The father of a police officer tragically murdered while on duty nearly 11 years ago has collected an MBE for his ongoing charity work.
On a day that will forever be devastatingly etched into the memory of Greater Manchester – 18 September 2012 – Greater Manchester Police (GMP) officers PC Nicola Hughes and PC Fiona Bone were on patrol and responding to hoax reports of a burglary at Abbey Gardens in the village of Mottram in Longdendale in Tameside when they were murdered in a gun and grenade ambush.
The hoax reports were a result of a 999 emergency telephone call from a member of the public – which was later found to be the work of wanted man Dale Cregan, who had led the officers into a trap.
PC Bone was pronounced dead at the scene, and PC Hughes later died in hospital.
The horrific incident was the first in Great Britain where two female police officers were killed on duty, and their tragic deaths were met with nationwide shock and anger.
GMP’s then Chief Constable Peter Fahy called the attack “cold-blooded murder”, and then Prime Minister David Cameron described it as a “despicable act… of pure evil”, while several memorial services and moments of silence have also been held in the pair’s honour too over the years.
While the two PCs will always be remembered by the GMP community, PC Nicola Hughes’ father was determined to make sure her legacy lived on and benefitted others on a much bigger scale, and so he decided to found the PC Nicola Hughes Memorial Fund – which works to give young people education and employment opportunities following the death of a family member through violent crime.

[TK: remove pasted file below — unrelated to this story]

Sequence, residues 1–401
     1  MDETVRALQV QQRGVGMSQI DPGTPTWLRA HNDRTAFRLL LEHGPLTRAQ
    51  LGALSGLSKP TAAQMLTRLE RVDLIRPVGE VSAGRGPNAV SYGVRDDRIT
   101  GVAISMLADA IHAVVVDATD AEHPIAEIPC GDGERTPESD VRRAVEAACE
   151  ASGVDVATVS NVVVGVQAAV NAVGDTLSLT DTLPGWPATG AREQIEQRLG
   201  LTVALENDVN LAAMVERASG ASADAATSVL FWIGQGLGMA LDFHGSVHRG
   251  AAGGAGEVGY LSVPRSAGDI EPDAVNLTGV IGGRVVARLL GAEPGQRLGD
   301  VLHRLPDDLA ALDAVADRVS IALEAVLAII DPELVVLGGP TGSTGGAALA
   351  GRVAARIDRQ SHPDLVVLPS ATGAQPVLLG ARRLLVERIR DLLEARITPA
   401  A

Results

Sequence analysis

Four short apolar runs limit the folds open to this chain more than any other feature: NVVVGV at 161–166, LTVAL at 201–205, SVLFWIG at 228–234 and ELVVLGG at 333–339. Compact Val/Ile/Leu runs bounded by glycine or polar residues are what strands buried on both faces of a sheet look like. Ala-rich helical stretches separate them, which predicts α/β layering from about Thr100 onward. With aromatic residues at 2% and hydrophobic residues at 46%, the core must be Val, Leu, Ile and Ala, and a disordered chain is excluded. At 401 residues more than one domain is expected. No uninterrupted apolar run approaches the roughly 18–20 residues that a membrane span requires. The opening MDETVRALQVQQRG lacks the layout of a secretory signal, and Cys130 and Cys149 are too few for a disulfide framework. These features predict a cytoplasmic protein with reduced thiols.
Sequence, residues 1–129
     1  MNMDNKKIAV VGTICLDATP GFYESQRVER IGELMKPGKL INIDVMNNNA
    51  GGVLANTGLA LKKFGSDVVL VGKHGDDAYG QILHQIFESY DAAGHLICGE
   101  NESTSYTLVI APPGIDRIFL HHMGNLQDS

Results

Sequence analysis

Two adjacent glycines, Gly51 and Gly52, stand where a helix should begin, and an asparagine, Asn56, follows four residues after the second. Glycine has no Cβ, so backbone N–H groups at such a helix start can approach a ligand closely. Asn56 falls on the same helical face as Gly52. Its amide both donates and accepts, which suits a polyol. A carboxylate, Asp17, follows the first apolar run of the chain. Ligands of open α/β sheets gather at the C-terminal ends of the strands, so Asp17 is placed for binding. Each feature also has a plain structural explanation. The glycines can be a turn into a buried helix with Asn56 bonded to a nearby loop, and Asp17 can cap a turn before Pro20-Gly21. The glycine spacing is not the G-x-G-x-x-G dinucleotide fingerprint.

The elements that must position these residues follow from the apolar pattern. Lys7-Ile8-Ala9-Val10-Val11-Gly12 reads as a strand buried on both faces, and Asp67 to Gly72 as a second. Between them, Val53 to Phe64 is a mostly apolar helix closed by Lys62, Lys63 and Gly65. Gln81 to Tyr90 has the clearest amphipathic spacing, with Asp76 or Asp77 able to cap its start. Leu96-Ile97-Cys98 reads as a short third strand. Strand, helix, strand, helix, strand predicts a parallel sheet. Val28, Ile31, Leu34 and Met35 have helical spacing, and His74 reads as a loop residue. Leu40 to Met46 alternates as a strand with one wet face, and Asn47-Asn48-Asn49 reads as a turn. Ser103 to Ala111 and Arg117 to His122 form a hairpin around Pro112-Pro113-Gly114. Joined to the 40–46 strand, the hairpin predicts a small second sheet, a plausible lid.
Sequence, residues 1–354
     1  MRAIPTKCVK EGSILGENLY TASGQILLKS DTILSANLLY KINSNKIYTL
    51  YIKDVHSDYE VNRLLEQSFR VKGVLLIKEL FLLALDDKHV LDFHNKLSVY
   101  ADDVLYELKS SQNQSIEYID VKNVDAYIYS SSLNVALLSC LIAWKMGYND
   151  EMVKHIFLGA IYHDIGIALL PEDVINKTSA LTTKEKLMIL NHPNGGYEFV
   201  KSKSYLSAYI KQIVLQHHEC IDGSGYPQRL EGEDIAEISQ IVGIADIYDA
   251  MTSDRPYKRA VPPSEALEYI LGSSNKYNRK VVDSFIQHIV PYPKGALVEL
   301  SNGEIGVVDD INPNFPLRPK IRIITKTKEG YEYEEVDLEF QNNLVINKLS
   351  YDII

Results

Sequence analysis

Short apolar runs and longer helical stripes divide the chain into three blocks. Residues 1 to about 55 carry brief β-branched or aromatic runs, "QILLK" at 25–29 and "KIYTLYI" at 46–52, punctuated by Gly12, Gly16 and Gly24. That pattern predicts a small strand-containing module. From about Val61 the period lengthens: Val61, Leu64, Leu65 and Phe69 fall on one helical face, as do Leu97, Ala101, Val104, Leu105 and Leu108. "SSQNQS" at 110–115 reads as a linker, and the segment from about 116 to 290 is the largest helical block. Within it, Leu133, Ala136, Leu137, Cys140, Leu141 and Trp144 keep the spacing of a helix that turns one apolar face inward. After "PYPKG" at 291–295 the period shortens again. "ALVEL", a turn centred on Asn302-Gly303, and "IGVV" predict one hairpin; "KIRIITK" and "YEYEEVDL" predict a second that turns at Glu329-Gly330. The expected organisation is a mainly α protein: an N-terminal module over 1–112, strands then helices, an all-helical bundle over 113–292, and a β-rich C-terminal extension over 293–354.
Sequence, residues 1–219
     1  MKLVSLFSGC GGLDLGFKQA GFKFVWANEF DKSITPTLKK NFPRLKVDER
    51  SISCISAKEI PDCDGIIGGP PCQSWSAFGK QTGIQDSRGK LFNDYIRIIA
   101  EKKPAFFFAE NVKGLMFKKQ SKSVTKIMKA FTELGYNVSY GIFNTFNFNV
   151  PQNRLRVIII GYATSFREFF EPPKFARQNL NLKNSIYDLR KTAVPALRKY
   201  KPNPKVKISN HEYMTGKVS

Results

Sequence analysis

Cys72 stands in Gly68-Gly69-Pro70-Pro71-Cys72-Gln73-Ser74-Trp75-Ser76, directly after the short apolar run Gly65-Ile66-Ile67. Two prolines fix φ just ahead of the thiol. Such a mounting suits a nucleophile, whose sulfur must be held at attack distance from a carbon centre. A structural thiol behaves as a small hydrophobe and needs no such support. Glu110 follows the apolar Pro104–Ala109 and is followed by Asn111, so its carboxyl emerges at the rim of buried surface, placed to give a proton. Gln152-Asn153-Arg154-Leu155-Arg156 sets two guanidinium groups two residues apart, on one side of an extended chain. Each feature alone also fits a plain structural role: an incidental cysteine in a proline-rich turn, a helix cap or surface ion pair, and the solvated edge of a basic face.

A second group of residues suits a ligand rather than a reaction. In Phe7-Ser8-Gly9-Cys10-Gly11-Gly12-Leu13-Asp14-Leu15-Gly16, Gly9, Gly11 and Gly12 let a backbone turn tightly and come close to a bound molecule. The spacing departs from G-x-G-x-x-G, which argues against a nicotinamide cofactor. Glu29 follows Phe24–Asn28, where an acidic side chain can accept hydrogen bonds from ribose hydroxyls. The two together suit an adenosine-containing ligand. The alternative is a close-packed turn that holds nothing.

For his ongoing efforts to support young people who have suffered loss due to violent crime, Bryn Hughes was recognised for his “outstanding work” and made an MBE in the 2023 New Year Honours list alongside hundred of other inspirational volunteers.
And yesterday, he finally collected the prestigious honour.
Mr Hughes, from Huddersfield in West Yorkshire, was presented with his MBE by the Princess Royal during a ceremony at Buckingham Palace yesterday, the BBC reports, and told Anne that it was a day of “mixed emotion”.
Speaking back when he was awarded the honour at the beginning of the year, Mr Hughes said he initially thought it was a “wind up” that he’d been recognised, but once it’d sunk in that it was real, he knew his daughter would be “very proud” of him.
“I also think she’d be laughing,” he admitted though.
“I think she’d buy me some PJs with a medal on it or something as well. She shared my sense of humour so she’d make some fun of it.”
Featured Image – Bryn Hughes (via Twitter)